Coreform has won a substantial US government grant to explore a new method for simulating complex lattice structures within additively manufactured parts.
Lattice structure patterns are becoming attractive to auto and airplane engineers because of their high strength-to-weight ratios and are common place in the additive tech demonstrator world. That said, these structures are highly complex to analyse for stress reactions or collapse responses.
Utah-based Coreform lattice simulation technology claims that it might solve this problem.
Its patented flexible isogeometric analysis (Flex IGA) approach to simulation can “handle the complexities of lattice structures with a much lower computational burden.”
The grant will allow the team to begin developing software for simulation of the lattice structures. This grant, offered through the Federal Small Business Innovation Research (SBIR) program, is designed to support small businesses in pursuing innovative solutions to technological problems.
The low-weight approaches enabled by lattice structures make the parts more complex to validate through simulation, because now the lattice microstructure has to be “meshed” into thousands of tiny elements.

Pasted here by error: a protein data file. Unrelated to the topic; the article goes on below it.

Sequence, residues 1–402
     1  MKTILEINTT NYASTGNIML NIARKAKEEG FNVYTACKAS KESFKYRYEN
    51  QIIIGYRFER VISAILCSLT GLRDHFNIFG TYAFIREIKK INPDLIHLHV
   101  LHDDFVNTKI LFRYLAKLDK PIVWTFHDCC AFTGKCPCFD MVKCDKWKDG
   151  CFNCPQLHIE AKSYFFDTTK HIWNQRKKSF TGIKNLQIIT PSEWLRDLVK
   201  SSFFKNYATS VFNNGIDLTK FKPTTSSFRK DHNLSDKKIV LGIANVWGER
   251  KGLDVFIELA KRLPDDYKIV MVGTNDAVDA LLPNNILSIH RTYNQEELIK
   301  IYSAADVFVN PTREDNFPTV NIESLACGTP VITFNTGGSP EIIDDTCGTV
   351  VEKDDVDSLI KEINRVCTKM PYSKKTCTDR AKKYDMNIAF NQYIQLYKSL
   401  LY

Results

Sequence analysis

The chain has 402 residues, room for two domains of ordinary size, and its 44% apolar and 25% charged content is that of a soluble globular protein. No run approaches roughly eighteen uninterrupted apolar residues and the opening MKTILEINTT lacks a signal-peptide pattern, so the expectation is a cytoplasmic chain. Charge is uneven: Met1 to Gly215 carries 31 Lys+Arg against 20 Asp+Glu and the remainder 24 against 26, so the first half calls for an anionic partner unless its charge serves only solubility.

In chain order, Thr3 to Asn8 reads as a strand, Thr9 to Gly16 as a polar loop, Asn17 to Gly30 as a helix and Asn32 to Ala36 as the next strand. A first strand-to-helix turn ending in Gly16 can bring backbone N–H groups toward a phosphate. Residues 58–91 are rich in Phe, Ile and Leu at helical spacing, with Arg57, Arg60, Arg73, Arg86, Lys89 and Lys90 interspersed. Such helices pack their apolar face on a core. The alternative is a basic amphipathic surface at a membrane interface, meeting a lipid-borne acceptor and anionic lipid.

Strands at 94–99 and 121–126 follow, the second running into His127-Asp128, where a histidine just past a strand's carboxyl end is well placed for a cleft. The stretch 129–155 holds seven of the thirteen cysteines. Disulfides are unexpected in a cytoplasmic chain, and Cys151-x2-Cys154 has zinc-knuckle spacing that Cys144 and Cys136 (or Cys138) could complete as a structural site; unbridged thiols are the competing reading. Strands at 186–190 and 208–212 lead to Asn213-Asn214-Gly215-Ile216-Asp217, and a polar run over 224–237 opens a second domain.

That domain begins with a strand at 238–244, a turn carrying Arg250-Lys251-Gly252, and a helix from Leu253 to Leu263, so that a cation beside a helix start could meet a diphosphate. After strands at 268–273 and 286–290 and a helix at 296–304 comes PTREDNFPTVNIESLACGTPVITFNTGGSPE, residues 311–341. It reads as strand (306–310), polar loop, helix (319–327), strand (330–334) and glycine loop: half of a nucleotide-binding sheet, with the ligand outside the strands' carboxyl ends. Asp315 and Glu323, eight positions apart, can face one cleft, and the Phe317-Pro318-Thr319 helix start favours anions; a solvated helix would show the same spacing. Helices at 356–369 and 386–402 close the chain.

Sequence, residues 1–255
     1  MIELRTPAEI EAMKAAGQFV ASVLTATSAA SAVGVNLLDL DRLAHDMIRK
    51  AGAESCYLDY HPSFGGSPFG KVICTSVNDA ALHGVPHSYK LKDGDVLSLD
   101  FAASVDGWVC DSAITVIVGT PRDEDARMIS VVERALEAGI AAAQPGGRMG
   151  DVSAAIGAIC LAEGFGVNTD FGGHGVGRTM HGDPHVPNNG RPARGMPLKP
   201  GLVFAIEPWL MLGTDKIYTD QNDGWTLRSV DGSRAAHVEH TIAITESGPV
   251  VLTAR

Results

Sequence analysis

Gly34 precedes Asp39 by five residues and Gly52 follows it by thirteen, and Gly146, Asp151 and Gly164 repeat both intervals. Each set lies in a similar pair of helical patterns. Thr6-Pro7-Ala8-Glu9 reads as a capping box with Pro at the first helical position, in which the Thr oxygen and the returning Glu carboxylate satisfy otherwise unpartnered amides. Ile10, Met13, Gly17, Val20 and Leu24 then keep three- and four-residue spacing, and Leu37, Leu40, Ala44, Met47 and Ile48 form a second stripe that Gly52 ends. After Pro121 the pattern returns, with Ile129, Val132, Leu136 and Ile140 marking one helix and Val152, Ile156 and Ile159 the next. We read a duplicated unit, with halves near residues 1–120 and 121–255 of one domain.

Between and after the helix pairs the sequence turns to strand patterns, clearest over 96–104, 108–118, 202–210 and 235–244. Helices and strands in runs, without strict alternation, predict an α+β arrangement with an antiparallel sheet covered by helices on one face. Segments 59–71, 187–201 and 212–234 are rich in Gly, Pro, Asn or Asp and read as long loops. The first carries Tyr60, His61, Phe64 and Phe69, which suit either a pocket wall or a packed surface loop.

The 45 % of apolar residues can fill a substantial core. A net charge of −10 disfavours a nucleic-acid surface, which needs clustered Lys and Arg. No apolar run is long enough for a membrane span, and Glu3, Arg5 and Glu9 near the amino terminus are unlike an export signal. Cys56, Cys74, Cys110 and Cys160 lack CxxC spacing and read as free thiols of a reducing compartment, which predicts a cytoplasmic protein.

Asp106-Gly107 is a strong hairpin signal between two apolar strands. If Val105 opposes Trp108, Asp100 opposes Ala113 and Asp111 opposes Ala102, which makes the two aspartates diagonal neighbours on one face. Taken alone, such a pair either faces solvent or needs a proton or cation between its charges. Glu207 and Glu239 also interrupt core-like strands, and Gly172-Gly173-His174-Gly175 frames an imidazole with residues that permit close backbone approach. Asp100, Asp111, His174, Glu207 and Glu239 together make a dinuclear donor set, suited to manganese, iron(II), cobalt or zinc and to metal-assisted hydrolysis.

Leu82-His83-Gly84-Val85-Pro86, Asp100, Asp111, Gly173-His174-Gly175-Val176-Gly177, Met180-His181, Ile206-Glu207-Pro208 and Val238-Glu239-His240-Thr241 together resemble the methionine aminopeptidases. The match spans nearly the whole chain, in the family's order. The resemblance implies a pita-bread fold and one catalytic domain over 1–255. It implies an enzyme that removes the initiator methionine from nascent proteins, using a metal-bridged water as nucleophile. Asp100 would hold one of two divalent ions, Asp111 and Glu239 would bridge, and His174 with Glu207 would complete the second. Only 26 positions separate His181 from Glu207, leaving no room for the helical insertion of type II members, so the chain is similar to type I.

The work of dividing those lattice structures into tiny parts for computation is too difficult and time-consuming to be practicable for any but small and simple parts. Coreform’s Flex IGA process may make it possible to subdivide, or “mesh”, these complex microstructures with a minimum of time and expense.
It anticipates using the SBIR grant to computer simulate a 3D-printed lattice structure that is more than ten times larger than any lattice structure that can be simulated today.
Coreform was founded by Matt Sederberg, former CEO of t-Splines along with other luminaries from the academic simulaiton world.